Q. Can people with physical disabilities adopt?  How does a physical disability affect the home study approval?

A. When we do a home study, we want to get to know you and how you function.  There are many folks with disabilities who have received home study approval.  You will need to educate us about how you handle the various limitations that your disability presents.  Again, as with psychiatric conditions, the adoption resource that you choose often determines whether or not you can adopt successfully.  Some countries are more cautious than others about disabilities.

Q. I am gay and my partner and I very much want to become parents.  Will our sexual orientation negatively affect our home study approval?

A. Adopting internationally can be difficult for gay people because most countries will not knowingly place a child with someone who is gay.  However, many domestic adoptions are available to you.  When we conduct a home study, we are focusing on your values, life style, relationships with others, and parenting abilities.  We are not focusing on your sexual orientation.  If you are living with a partner, we are concerned about the relationship that you have with each other,  just as we are concerned about the relationship of a heterosexual couple.  New York State does not permit discrimination in adoption on the basis of sexual orientation.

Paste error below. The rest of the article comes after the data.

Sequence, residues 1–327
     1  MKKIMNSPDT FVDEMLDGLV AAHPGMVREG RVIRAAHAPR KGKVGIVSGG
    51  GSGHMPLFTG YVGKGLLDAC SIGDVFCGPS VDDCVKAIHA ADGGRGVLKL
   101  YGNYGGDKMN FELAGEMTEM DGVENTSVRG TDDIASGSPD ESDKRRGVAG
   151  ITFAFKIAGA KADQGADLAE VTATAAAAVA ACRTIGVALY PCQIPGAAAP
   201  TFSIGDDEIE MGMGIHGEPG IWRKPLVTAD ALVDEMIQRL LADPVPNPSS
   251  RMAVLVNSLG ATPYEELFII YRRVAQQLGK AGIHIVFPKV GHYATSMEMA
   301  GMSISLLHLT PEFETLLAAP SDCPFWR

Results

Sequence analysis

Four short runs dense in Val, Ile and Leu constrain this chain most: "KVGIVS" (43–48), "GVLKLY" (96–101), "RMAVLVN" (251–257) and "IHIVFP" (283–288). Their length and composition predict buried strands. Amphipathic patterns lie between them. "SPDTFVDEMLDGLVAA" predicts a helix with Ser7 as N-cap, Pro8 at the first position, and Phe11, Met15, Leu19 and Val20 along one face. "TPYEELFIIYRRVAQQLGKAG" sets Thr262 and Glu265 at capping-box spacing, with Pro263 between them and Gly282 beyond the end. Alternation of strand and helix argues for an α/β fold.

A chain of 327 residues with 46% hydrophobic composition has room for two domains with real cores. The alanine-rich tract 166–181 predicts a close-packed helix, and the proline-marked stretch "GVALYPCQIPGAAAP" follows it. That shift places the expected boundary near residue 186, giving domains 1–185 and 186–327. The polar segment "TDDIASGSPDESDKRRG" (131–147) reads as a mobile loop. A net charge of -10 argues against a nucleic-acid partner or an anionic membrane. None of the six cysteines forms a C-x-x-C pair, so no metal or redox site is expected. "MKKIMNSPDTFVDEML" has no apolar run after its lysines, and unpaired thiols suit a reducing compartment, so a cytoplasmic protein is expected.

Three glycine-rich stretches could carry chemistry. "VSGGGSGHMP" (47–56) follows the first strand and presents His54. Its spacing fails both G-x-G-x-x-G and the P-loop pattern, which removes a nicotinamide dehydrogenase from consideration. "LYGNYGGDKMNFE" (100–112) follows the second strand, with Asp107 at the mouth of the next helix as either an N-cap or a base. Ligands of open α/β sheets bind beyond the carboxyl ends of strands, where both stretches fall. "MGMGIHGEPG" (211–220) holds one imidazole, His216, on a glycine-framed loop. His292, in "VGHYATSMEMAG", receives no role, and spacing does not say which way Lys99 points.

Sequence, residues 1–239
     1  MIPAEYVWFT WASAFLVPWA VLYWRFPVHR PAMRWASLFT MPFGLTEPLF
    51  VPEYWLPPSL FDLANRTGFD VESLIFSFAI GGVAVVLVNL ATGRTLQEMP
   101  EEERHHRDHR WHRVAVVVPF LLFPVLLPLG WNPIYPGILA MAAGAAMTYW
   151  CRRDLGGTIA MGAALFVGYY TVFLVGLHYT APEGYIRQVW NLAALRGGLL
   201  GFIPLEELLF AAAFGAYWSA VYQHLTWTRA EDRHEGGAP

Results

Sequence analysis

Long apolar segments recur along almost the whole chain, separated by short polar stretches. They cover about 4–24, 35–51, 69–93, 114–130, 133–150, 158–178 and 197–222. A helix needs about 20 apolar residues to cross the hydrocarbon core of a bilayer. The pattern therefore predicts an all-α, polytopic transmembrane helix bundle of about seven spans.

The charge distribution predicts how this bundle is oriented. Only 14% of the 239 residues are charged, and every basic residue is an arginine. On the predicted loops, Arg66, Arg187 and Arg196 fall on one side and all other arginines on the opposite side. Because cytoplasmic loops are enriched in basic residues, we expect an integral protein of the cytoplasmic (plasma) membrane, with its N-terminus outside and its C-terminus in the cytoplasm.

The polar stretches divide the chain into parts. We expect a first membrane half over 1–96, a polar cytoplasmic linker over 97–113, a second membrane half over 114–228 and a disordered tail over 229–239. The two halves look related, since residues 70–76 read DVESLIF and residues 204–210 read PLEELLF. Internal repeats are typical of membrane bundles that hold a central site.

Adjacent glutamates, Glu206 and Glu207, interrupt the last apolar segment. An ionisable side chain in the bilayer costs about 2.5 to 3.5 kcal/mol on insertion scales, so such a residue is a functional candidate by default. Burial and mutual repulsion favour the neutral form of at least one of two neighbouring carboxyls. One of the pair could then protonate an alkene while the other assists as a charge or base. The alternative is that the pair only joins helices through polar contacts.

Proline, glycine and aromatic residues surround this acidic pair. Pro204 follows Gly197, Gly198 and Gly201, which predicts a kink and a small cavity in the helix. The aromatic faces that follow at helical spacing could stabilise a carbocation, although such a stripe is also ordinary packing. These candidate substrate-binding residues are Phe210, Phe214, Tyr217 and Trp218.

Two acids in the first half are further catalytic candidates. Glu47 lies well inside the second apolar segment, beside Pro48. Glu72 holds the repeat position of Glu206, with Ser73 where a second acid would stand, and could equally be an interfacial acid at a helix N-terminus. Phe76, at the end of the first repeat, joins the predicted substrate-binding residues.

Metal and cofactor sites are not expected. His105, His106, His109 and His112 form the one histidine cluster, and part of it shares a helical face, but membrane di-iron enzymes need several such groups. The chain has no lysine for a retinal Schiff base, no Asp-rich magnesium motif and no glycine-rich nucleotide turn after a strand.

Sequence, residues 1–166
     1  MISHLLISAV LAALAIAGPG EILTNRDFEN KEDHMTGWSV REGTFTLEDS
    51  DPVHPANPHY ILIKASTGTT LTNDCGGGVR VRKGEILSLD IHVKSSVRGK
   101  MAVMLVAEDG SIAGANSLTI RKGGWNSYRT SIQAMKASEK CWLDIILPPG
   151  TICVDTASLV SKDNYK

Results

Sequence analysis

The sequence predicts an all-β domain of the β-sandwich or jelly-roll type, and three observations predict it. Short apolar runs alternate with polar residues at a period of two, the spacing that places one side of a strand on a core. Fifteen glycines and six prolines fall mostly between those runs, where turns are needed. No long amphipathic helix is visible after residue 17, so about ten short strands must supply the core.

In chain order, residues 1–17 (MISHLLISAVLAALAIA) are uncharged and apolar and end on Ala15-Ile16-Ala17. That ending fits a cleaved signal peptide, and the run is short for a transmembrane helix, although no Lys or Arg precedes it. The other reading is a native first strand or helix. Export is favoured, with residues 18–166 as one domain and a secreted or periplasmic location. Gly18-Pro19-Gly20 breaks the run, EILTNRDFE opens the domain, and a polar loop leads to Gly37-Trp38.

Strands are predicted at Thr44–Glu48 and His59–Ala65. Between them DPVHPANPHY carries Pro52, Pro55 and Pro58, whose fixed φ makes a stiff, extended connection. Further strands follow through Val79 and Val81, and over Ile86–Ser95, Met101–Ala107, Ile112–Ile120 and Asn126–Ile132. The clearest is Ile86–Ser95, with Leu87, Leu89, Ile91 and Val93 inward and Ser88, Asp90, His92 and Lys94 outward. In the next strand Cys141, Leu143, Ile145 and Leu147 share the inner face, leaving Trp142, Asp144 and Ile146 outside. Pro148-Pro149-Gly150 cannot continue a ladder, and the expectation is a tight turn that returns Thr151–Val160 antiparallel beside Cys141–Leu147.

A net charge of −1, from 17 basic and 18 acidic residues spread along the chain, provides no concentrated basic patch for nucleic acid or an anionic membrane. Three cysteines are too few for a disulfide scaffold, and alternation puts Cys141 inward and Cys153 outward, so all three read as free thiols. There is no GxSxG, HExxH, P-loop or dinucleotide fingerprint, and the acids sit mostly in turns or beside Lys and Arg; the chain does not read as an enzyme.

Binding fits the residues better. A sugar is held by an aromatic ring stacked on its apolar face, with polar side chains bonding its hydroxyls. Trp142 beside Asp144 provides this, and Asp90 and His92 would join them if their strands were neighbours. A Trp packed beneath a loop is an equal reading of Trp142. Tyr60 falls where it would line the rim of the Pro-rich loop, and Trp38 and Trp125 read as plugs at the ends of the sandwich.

Q. I have a friend who had a home study done for a domestic, private placement adoption.  She said the social worker only visited for an hour and just asked a few questions.  Is this typical?

A. We hope not.  We believe that the home study process should involve real discussion and interaction.  Yes, we ask questions because we need enough information to write a report which accurately describes you.  But we also talk with you about your concerns and questions and we try to provide information about adoption in general and about the kind of adoption that you are involved in.  The study process should be a relaxed and pleasant experience.

Q. What kind of paper work is involved?

A. This may vary from situation to situation.  However, generally, you wil be asked to provide photocopies of birth and marriage certificates and divorce decrees (if relevant), letters of reference from people who are not related to you, completed medical forms, and documentation of your financial situation.